However, the most essential feature on the site is the ancient theater, among the oldest ones in Greece, dating back to the fifth century BC. The most curious characteristic of the amphitheater is that it was laid on an artificial hill.
After exploring the ancient site, it’s a good idea to head to the Archaeological Museum of Eretria, which features figurines, vases, and other relics found in the ancient site, such as a remarkable funerary amphora depicting Heracles fighting the Centaurs.
The museum is open every day, except Tuesdays, from 8:30 am to 3:30 pm. The entrance fee is 2 euro.
14. Aegina Island
This island, as a whole, was known for its impressive naval fleet in 500 BC. With its location between the three main trade routes of Ancient Greece – Corinth, Peloponnese, and Attica – the island became a wealth of commercial development.
This impressive site dates back to 500 BC. Located about 13 km from Aegina Town, the site is on a hill and offers stunning views of the surrounding area. The entrance fee is 6 euros.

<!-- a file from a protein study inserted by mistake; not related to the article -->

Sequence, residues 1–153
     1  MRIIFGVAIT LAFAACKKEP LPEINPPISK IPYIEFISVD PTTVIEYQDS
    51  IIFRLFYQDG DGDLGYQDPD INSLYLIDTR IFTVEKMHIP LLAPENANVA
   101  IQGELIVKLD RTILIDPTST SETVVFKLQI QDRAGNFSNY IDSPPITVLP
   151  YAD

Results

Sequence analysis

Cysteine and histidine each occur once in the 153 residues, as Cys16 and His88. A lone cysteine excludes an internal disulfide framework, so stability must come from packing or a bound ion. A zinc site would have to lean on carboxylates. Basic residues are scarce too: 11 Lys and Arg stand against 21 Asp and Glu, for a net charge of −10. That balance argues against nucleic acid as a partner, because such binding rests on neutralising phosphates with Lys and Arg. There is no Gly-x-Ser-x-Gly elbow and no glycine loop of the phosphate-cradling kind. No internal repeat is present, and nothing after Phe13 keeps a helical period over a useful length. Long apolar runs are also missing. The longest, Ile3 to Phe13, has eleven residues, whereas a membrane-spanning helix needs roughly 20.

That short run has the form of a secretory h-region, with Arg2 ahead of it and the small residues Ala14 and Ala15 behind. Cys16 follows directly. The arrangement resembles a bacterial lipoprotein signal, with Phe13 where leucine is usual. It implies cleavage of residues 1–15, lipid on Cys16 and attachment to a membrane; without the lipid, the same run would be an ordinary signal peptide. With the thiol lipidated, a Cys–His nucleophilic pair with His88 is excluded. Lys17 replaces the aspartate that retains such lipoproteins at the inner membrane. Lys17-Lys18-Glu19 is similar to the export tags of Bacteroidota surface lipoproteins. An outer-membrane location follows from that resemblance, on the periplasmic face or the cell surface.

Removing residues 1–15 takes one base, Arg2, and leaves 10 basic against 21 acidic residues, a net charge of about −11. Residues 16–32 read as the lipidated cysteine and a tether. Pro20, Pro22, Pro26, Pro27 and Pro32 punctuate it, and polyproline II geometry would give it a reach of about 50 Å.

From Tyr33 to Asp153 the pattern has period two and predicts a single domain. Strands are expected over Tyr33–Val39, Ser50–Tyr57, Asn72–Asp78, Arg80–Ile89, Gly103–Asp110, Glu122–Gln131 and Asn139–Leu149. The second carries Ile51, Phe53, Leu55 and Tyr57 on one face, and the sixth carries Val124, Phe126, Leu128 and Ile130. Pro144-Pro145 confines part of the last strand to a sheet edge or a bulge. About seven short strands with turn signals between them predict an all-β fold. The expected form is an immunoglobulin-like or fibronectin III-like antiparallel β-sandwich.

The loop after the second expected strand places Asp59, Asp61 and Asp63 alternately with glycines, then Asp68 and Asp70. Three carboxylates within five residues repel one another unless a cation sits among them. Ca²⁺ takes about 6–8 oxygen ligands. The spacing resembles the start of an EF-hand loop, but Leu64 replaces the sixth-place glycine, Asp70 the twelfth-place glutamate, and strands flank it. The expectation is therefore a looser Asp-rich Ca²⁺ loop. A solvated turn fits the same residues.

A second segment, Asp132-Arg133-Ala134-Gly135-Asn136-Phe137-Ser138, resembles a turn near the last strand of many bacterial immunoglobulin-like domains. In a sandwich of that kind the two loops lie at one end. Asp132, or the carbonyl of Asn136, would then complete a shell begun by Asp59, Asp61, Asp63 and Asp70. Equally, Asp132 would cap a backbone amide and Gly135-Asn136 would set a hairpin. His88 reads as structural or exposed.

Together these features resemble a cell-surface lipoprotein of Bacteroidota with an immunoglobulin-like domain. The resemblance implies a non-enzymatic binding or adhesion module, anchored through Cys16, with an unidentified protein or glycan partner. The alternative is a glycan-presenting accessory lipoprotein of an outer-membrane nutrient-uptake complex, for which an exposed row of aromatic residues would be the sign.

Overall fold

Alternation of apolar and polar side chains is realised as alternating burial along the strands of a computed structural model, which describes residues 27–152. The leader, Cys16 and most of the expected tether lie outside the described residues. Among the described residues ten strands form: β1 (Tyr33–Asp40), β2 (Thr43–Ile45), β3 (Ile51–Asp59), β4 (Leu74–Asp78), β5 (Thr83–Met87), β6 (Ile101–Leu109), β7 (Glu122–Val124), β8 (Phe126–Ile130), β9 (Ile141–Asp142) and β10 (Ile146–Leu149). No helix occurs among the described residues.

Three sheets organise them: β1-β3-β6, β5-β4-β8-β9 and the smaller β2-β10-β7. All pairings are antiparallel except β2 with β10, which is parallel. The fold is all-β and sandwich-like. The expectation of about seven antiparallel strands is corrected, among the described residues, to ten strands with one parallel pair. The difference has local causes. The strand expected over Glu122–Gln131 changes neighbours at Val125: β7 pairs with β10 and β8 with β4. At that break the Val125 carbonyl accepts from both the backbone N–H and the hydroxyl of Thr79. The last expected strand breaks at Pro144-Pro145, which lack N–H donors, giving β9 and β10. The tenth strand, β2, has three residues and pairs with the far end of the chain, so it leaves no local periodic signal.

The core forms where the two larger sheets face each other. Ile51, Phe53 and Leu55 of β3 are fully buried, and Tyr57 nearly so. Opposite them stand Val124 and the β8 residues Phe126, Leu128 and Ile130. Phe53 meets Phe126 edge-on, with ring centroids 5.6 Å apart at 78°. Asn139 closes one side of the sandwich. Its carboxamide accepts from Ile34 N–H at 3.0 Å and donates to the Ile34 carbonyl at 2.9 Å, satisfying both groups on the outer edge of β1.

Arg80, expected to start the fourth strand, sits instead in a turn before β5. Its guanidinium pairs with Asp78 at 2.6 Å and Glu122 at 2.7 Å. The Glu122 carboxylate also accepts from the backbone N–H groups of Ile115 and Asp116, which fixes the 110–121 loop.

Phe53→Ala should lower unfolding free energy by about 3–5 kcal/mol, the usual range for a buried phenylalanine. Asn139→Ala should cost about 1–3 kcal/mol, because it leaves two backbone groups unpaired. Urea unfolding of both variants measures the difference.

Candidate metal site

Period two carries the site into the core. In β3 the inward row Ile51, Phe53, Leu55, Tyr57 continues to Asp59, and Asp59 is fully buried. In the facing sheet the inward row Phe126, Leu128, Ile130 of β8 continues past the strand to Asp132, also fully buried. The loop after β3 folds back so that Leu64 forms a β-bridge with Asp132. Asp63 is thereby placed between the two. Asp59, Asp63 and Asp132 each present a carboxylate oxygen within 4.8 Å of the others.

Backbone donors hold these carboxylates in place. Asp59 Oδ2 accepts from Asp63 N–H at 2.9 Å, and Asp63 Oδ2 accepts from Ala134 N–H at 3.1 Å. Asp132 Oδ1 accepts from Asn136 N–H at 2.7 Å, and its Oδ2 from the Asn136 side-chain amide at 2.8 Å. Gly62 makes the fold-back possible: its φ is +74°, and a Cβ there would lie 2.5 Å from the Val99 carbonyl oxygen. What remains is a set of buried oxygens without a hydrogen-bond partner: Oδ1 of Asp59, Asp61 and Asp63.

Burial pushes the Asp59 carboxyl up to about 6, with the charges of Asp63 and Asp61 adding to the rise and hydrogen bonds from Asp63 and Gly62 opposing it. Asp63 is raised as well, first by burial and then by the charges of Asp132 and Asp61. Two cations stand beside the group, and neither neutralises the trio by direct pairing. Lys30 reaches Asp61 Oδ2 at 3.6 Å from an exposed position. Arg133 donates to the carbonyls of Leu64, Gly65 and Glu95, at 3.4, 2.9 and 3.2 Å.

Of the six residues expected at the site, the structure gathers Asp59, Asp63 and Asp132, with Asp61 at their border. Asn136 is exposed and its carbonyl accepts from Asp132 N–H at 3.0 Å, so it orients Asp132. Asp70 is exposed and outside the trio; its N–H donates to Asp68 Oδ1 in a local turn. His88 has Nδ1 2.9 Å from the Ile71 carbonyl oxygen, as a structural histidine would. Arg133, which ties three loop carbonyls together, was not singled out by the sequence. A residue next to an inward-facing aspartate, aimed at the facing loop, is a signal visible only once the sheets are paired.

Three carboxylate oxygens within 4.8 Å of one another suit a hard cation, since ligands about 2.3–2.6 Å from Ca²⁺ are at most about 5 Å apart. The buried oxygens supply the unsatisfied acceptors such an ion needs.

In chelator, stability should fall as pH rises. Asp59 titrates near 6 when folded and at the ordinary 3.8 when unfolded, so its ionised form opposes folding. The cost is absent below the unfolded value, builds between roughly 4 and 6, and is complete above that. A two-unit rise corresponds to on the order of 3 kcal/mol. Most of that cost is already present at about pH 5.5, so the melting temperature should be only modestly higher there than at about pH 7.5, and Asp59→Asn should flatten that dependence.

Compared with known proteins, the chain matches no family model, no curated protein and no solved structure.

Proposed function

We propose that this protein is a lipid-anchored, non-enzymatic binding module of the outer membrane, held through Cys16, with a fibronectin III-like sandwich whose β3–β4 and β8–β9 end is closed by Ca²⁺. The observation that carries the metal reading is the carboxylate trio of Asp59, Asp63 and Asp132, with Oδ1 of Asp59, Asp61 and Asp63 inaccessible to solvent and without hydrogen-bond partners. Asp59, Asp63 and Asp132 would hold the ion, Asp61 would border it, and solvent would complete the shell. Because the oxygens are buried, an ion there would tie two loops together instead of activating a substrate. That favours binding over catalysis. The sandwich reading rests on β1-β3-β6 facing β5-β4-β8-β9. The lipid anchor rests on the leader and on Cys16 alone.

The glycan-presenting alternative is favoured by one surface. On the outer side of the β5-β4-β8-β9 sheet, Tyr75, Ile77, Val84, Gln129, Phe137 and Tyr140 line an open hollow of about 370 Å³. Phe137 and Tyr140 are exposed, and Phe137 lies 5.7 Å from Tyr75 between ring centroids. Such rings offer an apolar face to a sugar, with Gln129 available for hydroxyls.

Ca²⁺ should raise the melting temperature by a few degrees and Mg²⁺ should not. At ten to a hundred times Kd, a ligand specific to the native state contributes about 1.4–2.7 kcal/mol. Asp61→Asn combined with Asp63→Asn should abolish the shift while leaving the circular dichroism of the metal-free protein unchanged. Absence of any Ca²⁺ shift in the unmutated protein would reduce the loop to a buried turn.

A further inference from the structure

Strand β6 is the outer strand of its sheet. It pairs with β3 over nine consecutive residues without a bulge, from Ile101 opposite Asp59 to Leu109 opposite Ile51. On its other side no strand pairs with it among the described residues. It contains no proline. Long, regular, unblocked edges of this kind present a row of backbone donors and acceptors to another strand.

When you visit, why not also spend an hour discovering the fantastic Archaeological Museum of Aphaia? It’s located right in the archaeological site area, and it will depict a wider panorama of life on the island during the Classic times.
15. Samos Island
Of course, Samos is an island we can’t avoid mentioning. The island was a strong maritime city-state and is the birthplace of Pythagoras. A visit to the Pythagoreion and Heraion of Samos is essential to any Greek history tour, especially if you’re a math fan!
The Pythagoreion and Heraion of Samos are two UNESCO archaeological sites on Samos. They are a reminder of the island’s ancient past, with ruins that date back to the 8th century BC. Highlights include the remains of fortifications, temples, palaces, and public buildings. The site is also home to a museum, where visitors can learn more about the island’s rich history and culture.